RFA reveals second stage and updates test path to 2023 launch

by Adrian Beil

Rocket Factory Augsburg (RFA) has revealed the second stage for its upcoming RFA ONE rocket. The company’s tweet showed a second stage, integrated with a Helix engine. This engine will power both the first and second stages. NASASpaceflight spoke to RFA about the reveal and RFA’s test campaign for the second stage pathfinder.

The company called the next step in the test campaign “Integrated Systems Test” (ITS). In this test, the second stage will test all necessary flight hardware, including propulsion and avionics. The second stage already includes tanks, umbilical connections, and the vent system. It also has the flight control system and engine control system integrated. The test campaign will start in the upcoming weeks. 

About the test, the company said “The campaign will feature three main tests: The first test will last a few seconds, followed by one for around 10 seconds, then the full flight duration. Every engine is acceptance tested. Then each engine is fired a second time during stage acceptance and then started a third time for flight. We have already proven that we can fire the same engine 3x without switching out components with our long-duration hot-fire campaign. Now we want to repeat that achievement with a full upper stage.”

The test of the upper stage will be conducted in Kiruna, Sweden. Previous tests of the company were also conducted there, at the Swedish Space Cooperation (SSC). 

Regarding if this is a test pathfinder or actual flight hardware, the company confirmed, that this upper stage currently is desired to fly on the first flight of the RFA ONE rocket. The test campaign is expected to last up to six months, which includes buffers in the test timings. This would mean that the stage would complete its testing somewhere in the area of summer 2023.

RFA ONE Render. (Credit: RFA)

As of right now, the second stage is equipped with a Helix engine, which is outfitted with a sea-level nozzle. This will change later in the test campaign, with a change to a vacuum-optimized nozzle. Regarding this, the company said: “The vacuum nozzle is still in the design and prototyping phase. However, we need to carry out system-level testing as early as possible to maintain the speed of the overall development process. That’s why we’re testing with the SL nozzle. Which is not an uncommon process at all, and it also saves us from having to use expensive vacuum test rigs.”

Related to this, RFA also clarified that their vacuum nozzle extension is able to be tested at sea level, thanks to their robust 3D-printed design. Down the line, the company plans to conduct tests with the vacuum nozzle extension and engine throat. 

Helix during a hot-fire test. (Credit: RFA)

Regarding the build cadence of the Helix engine, RFA said that this is the third engine they have built. Before these three, there was also a prototype engine: “The first one was a prototype engine we called “SLE” (System Level Engine). Here the main components were further apart, so not as tightly built as the flight configuration. This made it easier to work on, and we could replace parts more easily. If something had gone wrong, we wouldn’t have lost the whole SLE, too. But all went well.”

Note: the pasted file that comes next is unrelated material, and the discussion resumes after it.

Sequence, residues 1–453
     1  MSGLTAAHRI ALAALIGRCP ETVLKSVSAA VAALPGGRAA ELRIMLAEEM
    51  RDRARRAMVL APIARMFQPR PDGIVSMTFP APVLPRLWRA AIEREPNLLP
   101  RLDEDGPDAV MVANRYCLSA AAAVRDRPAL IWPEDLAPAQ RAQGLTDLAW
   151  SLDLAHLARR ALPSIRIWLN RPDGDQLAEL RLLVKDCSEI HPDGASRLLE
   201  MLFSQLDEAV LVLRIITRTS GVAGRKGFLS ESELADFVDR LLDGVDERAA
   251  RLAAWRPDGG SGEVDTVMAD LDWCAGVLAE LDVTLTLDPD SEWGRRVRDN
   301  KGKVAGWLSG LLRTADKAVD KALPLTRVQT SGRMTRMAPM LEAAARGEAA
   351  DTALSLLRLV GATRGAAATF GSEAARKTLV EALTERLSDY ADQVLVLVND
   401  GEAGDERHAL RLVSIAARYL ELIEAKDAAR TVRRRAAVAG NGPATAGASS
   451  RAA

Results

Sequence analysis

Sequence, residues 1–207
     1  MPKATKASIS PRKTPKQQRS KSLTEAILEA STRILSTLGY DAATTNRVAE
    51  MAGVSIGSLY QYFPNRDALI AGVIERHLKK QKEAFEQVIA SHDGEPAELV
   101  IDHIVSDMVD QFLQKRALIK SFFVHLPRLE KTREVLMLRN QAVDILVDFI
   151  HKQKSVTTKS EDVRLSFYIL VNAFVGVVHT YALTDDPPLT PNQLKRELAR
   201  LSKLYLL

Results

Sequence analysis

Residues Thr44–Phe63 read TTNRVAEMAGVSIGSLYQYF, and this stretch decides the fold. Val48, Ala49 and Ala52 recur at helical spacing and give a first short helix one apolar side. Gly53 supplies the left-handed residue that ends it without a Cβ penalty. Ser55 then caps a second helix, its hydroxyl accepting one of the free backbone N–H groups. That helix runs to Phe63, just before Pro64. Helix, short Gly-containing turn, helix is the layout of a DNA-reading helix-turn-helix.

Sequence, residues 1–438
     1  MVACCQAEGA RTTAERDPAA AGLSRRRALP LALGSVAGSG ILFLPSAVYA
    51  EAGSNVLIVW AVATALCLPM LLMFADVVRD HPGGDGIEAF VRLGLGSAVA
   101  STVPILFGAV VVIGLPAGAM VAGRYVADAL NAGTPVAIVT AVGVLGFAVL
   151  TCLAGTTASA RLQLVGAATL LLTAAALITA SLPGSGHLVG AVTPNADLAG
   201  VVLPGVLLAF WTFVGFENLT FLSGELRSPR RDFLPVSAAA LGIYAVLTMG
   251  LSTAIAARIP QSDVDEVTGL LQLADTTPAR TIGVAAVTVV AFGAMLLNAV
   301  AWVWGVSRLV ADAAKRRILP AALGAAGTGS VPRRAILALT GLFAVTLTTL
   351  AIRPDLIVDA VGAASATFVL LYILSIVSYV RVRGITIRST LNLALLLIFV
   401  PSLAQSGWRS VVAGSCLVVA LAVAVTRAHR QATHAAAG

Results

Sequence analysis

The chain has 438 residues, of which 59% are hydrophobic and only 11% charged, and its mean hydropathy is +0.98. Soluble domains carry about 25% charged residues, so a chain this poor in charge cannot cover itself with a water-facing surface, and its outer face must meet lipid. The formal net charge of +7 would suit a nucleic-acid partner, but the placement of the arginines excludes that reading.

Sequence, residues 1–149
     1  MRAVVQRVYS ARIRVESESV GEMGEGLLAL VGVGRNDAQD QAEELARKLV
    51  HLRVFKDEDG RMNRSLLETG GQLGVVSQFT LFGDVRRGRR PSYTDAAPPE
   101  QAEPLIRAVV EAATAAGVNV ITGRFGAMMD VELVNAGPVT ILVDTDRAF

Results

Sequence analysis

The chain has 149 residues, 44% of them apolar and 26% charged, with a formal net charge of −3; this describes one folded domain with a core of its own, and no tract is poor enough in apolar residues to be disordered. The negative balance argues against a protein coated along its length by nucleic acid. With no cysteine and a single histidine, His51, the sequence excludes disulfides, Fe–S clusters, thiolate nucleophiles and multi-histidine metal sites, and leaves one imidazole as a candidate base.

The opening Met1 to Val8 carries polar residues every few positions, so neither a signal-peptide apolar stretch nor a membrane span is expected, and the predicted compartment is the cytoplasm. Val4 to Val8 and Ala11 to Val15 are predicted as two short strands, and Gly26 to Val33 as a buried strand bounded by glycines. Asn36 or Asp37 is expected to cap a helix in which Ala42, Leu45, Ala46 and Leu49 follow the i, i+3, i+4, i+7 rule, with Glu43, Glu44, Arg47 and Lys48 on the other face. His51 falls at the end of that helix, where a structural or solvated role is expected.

For the full RFA ONE rocket, the company will need 10 engines. Nine will be in a sea-level configuration on the first stage, while one vacuum-optimized Helix engine will power the second stage. The third stage will be a kick stage, based on nitromethane, which will be used to boost the payloads to their final orbits. RFA ONE wants to lift up to 1,600 kg into a low Earth orbit (LEO) and 1,300 kg into a Sun-synchronous orbit (SSO).

You can learn more about the design of the rocket and the third stage in NASASpaceflight’s interview with Dr. Stefan Brieschenk, COO of Rocket Factory Augsburg.

Previously, the company conducted a full test campaign of a Helix engine with a series of tests. This included hot fire tests of 30 and 40 seconds with one engine and an up-throttling of the engine to 130% of nominal design levels. NASASpaceflight asked RFA about learned lessons for the engine, after these test campaigns.

“Yes, we improved many details as we took the engine to 130% of its nominal power to see where the first weak points were. The changes relate to seals, coatings, and various wall thicknesses, for example.”

Next to the second stage, the first stage for the first orbital flight is also moving into its testing to prepare for the orbital flight. Regarding the test campaign for this part of the rocket, RFA said: “Parallel to the IST, we are already planning the hot-fire of our first stage. This will take place in mid-2023 and is the last milestone before the initial launch. Before that, there will still be smaller drain tests, compression tests, pressure tests, etc. We are also working on our launch infrastructure and orbital stage at RFA Portugal.”

Recently, the company also showed the carbon fiber interstage of RFA ONE. This will connect the two stainless steel tanks. Carbon fiber was used to reduce weight on the interstage. The main tanks are built out of stainless steel as it is low-cost and durable. It also supports the company’s goal to reuse the rocket stage.

The maiden launch for RFA ONE will carry a Ukrainian research satellite. RFA confirmed that the maiden launch is currently scheduled for Q4 of 2023. 

(Lead image: RFA ONE Second Stage. Credit: Rocket Factory Augsburg)

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